How to Keep RV Pipes From Freezing While Camping
Camping is becoming more popular since recreational vehicles (RV) make camping more convenient and straightforward. In the past, people only chose to go camping on beautiful sunny days. However, nowadays, it is possible to go camping in winter. It must be an exciting experience.
To have integral camping on cold days, you should prepare more carefully. One of the things you should care for is your RV pipes since they can be frozen quickly under cold weather. Don’t worry; let’s find out how to keep RV pipes from freezing while camping.
The Importance of RV Pipes While Camping
Imagine how you feel if there is no appearance of water during your camping time. What a disaster! If you have a day camp trip, some water bottles from the supermarket are enough for your drinking. However, if you are going on an extended camping trip with your RV car, it is essential to check the RV pipes carefully before you start and during your trip.
Each RV has a water tank to store water for the whole trip, and RV pipes are used to transfer this water to other parts of the car for different use purposes. Water from the freshwater tank goes through a water pump and the pipe system to the toilet, bathroom, sinks, and kitchen.
Therefore, it means that if there is any problem with your RV pipes that prevents them from working correctly, the only way you can use the water is to open the tank and scoop water out into a basin. I believe that no one wants to endure that.
Furthermore, you should notice that water stored in the tank is at environmental temperature. Therefore, in winter, the water is frigid, and you need to heat it before use. RV pipes transfer water from the tank to the heating system before it comes to taps for use. So, you will not have warm and hot water to use if your RV pipes are in trouble.
Under that circumstance, if you need hot water, you have to scoop it out from the tank and then use your electric stove to heat it. How inconvenient and time-consuming it is. Therefore, your RV pipes need special care before and during your trip so that your camping time can be the most enjoyable.
How To Prevent RV Plumbing From Freezing
Freezing is the most common issue which your RV plumbing has to face in cold weather. Once it is frozen, it is neutralized, and water from the RV tank can not run through taps for use. Therefore, if you are a person loving camping in winter, you should learn how to prevent your RV plumbing from freezing.
Let’s start from the outside to the inside of the RV.
The first thing you should do is to keep your freshwater hoses from freezing. If you are traveling, fill up your freshwater tank and disconnect all the water hoses each night. If you will park your RV for an extended length of time, consider insulating and heating your water hoses.
Follow these three simple steps:
- Use heat tape to wrap the first layer around the hoses
- Cover them the second layer with foam insulation
- Wrap again with one more layer of heat tape
Also, don’t forget to insulate the faucet where it connects the hose to the RV. If the temperature is below zero, you should do one more extra step: open all the faucets and let them dip overnight. It wastes a little bit of water, but it is helpful to keep your water hoses from freezing.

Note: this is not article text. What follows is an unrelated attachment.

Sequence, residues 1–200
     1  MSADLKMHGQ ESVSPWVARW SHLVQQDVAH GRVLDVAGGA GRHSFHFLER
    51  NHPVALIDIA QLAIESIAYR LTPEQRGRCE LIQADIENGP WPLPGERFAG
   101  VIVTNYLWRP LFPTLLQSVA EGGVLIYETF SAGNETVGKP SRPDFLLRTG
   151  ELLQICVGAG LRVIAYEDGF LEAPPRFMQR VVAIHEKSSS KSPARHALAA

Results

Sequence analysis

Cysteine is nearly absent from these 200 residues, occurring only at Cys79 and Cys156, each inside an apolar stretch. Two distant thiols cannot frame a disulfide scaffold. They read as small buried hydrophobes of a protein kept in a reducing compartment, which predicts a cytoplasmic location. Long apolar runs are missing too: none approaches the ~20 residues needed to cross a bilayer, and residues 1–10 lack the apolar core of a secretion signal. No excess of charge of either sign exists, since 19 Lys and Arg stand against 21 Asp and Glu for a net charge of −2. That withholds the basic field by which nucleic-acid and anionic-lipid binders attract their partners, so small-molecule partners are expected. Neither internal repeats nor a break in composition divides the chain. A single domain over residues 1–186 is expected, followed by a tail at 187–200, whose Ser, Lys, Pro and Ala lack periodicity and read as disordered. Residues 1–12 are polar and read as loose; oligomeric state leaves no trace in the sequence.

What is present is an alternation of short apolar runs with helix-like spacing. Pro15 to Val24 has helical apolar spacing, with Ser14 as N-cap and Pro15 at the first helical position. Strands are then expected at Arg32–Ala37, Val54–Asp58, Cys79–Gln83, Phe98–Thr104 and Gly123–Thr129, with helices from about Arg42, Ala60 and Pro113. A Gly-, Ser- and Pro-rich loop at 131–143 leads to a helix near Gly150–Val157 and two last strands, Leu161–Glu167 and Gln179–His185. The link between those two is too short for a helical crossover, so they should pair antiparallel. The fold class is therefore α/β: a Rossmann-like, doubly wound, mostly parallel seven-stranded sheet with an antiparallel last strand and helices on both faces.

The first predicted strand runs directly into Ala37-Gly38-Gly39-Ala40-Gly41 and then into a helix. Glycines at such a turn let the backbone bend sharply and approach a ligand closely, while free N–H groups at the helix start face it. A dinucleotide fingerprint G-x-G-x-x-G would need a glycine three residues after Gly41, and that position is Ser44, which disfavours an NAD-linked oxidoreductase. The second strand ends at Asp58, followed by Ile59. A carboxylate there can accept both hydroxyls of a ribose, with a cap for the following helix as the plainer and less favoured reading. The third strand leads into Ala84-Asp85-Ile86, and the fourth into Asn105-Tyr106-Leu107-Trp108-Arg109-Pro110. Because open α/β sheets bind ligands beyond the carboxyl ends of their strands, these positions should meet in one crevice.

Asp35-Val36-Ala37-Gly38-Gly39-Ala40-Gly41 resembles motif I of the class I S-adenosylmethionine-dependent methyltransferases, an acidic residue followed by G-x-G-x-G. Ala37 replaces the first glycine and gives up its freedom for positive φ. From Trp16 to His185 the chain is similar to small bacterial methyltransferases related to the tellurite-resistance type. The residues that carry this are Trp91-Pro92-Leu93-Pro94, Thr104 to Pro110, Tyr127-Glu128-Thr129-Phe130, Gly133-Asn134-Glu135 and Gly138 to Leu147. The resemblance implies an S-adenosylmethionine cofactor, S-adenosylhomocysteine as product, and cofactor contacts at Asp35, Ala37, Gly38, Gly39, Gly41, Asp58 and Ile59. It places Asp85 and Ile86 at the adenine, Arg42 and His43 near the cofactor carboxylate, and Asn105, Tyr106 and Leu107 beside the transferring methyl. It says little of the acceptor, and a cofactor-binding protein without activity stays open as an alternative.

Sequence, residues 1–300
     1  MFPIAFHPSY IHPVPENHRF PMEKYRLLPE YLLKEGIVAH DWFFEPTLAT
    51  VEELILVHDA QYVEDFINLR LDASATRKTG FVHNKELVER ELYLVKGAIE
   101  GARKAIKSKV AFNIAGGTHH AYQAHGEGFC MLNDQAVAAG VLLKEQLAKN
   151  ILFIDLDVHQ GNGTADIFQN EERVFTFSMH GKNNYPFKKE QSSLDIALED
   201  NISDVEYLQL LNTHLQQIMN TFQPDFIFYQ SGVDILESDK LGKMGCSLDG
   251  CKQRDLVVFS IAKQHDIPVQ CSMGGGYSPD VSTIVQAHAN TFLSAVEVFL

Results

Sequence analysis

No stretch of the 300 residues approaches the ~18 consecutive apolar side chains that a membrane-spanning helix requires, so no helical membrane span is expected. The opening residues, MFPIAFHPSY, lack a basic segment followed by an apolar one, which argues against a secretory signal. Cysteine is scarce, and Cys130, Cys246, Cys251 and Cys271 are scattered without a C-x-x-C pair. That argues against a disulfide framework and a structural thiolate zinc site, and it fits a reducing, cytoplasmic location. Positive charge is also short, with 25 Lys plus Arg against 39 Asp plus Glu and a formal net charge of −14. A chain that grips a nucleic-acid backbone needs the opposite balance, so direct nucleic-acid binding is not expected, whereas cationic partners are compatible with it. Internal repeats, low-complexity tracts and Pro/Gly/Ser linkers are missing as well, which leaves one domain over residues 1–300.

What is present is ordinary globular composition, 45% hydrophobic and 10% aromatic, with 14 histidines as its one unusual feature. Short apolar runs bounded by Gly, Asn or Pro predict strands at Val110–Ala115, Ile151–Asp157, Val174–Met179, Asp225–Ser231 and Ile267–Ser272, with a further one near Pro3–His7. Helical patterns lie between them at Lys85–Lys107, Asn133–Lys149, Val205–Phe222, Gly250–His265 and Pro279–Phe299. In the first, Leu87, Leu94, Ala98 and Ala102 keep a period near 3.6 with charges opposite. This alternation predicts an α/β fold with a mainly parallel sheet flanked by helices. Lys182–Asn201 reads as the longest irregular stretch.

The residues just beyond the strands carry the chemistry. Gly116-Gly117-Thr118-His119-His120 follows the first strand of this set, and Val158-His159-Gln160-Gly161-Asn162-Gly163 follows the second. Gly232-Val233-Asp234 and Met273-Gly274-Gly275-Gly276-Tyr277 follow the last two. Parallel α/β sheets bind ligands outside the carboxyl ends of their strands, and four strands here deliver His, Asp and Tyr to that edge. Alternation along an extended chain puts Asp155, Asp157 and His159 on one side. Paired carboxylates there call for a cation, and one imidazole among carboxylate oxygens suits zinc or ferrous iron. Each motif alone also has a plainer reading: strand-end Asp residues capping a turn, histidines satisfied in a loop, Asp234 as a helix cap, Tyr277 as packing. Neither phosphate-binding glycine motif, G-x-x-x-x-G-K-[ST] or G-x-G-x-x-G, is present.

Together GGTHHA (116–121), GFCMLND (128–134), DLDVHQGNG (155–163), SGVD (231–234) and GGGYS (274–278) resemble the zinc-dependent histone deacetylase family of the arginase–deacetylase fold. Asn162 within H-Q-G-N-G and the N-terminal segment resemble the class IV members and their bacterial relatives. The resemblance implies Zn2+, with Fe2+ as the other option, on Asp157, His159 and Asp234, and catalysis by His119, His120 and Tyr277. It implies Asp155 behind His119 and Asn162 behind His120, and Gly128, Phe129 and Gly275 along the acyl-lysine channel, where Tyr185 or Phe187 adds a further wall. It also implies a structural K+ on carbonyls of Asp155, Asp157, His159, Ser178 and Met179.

Sewer lines might also need some attention in sub-freezing weather. It may be necessary to support those hoses that provide routing slopes from the RV sewer connection to the park’s sewer hookup. Do the same as you do with the water hoses.
You can use straight sections of a thin wall of PVC pipe and necessary fittings to complete your thorough cup in worse cases. The PVC will stand up to the cold temperatures better than plastic sewer hoses.
Water and holding tanks
Once your water and sewer lines are protected, you need to move on to the freshwater and holding tanks. During the day, when the temperature rises above freezing, what you should do is:
- Drain the fresh water tanks
- Keep tank valves closed and only open them when necessary
But on frigid days, when the temperature drops deeply, you may want to consider insulating or heating your tanks.
Cover the water tank with a wood box
If your RV is parked for a while, tank insulation can be exposed, and holding tanks can be fabricated. Under this circumstance, you should build a small light wood box around the tank and line it with fiberglass. A small electric bulb can be used to provide a safe source of heat.
Use heating pads
Another alternative that can be considered is adding heating pads designed strictly for the RV holding tank. They are usually 12-volt products, so they will pull power from the converter or batteries.
A heating pad has a self-adhesive back so you can stick it to the tank when the temperature decreases below 40 degrees Fahrenheit; the thermostat inside can kick on and start warming. By the time you hit those freezing temperatures, this thing has already been on and warming up the tank. The water inside will get warm.
These heating pads can be purchased from any RV parts dealership camping catalogs and will allow you to use your holding tanks as you normally would without fear of them freezing up.
Step 1: Cleaning
Please fill all the black and gray tanks with fresh water and then drain them by leaving both gate valves open. Water will wash away all dust and dregs. It would help if you also cleaned the water heater. It is simple.
- Open the pressure valve so that the water is disconnected and there is no water going to the coach, and the water pump is off.
- Close the relief valve.
- Take the drain plug out, and the water will start coming out.
- Reopen the valve to get it to come out at a quicker speed.
- Check all the faucets in your RV to make sure that there is no water running out.
Step 2: Add antifreeze
- Install a water pump converter kit
- Get the whole house filter off